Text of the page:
What is a star? Stars could be defined utelizing the many attributes they have. You can use mass, density, brightness and size to define them. You can also use a combination of those attributes or even attributes I didn't mention to define stars. A star the size of our sun isn't the same thing as a red giant star. Our star consits mostly of hydrogen, a red giant consits of mostly helium. Hence we are speaking of very different objects. The way we define stars doesn't change reality it does change our perception of reality though.

 Definitions can't be true or false in themselves. They can be inconsistent or consistent with common language, if I call for example big planets stars because I define stars according to their size, which would also not align with the scientific definition of stars. And definitions can be inefficient or efficient, if I need several attributes/properties to define something. The scientific definition of stars for example uses at least two attributes to define stars. More ancient definitions of stars might not recognize the sun as a star but may distinguish stars as planets that wouldn't move. They might say that all planets are stars but planets are not just shiny objects in the night but moving shiny objects in the night sky. Hence all planets are stars, but not all stars planets, because stars and planets used to look similar, back when we didn't had our devices of observation. So two attributes are used to define stars and planets. The attribute/properties of being a tiny shiny object in the night sky and movement are used to define stars. It's a rather efficent definition, but which is inconsistent with our knowledge of today. Though it's not false in any way, because it actually isn't claiming that stars are the same thing as snakes for example. The definition is just a decription of something. You can also say stars are objects bigger than planets and less dence than black wholes. But this would be a rather ugly definition as you need to know what black holes and planets are before knowing what stars are, even though we know by now that definitions of things aren't eternal and true in the sense that there is one definition of what a planet is they are rather consistent with common language and efficient, hence need fiew defining properties. My favorite way to define stars however happens to be also the most efficient way, even though it compromises consitancy with common language. A star is an object in which nuclear fusion is taking place. A star hence is also an exploding thermonuclear bomb and also the fusion process within a nuclear fusion power plant.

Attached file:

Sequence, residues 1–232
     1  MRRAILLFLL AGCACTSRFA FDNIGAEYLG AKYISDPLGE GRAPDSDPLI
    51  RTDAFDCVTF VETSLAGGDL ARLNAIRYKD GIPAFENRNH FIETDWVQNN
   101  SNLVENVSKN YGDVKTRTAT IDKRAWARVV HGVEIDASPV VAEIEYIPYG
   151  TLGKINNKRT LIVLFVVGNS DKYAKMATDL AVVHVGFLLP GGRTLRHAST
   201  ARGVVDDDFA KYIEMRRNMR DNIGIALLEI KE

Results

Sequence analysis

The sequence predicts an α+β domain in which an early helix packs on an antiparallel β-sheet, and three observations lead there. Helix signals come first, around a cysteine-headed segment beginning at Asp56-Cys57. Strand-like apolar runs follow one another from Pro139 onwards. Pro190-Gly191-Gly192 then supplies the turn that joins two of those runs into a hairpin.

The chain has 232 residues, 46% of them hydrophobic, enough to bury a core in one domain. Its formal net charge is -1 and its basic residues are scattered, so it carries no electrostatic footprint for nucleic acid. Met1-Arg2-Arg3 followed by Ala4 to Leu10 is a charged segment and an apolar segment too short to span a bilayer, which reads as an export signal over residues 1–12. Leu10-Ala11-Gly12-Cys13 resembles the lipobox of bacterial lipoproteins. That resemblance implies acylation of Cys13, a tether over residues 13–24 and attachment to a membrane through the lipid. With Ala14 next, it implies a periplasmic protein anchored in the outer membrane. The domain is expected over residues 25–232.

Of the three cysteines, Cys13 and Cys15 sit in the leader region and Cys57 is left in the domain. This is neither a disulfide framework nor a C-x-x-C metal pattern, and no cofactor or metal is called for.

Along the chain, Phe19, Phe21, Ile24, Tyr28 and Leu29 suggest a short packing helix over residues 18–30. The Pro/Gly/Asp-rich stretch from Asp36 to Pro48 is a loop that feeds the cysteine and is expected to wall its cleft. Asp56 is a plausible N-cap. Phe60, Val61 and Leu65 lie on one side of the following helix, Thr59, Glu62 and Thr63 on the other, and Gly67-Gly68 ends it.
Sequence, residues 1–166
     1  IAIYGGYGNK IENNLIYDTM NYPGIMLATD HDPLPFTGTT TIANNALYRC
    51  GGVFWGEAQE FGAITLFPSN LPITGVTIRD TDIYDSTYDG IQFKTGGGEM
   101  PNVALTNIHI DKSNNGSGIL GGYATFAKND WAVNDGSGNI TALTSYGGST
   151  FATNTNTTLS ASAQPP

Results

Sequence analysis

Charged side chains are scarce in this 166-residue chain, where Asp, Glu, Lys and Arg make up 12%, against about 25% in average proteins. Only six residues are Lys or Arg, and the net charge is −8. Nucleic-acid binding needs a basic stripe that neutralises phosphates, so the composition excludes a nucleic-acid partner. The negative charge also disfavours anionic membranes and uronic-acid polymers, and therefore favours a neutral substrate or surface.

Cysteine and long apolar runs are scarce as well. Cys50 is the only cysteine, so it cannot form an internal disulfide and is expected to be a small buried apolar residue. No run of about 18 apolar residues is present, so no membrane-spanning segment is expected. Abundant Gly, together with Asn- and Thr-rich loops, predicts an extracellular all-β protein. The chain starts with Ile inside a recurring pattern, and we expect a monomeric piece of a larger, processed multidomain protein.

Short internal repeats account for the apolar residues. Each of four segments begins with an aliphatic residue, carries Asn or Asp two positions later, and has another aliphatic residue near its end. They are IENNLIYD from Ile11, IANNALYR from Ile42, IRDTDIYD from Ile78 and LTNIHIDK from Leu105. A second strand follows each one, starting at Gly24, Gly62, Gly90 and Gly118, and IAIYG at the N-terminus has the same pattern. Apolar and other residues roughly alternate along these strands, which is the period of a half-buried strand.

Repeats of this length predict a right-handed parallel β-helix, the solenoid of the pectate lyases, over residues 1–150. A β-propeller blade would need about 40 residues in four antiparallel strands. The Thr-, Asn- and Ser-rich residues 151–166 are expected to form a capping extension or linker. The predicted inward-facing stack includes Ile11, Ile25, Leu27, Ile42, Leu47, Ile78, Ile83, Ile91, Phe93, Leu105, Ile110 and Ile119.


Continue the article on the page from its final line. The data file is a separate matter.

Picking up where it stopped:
You might think now that this is cheap philosophy and you might ask why should I care? This has a political dimension. Are transwomen women and transmen men. What are women or men. What is a democracy? Is Russia, the USA or China a democracy? The answer to all that questions is it depends on your definitions. And your definitions matter less and more than you think. If you are in contact with reality and happen to have a definition of democracy that would include Russia for example you will also not deny the list of human rights abuses commited by it's government. You won't deny that there is any real way of Putin not getting elected president as long he stops fancying it or some sort of Revolution happening or Putin deciding for no reason to reinstate free elections by his own desire. In this example your definition of democracy didn't change your conclusions, but let's say you think people who don't agree transwomen to be women hate transwomen. Now definitions matter a lot because you are judging people for their definitions. It kind of doesn't really matter what your definition of a woman is in the way how you treat people in general. And as earlier concluded definitions can be more or less consistent with common language and they can be more and less efficient. It doesn't really make sense to fight over them. It makes more sense to know what people mean by what they say. Which is why I don't refer to thermonuclear explosions as star because no one would understand what I am talking about, similarly I don't refer to animals as selfreplicating robots without the need of a host even though animals are exactly that and I also don't refer to myself as entity inhabiting my body with the illusion of being in charge of my body even though the very entity I am is a fragile and contingent fluctuating in the ocean of processes that happen daily in the brain that is actually in charge of that body and on which I have very little control at best if even any.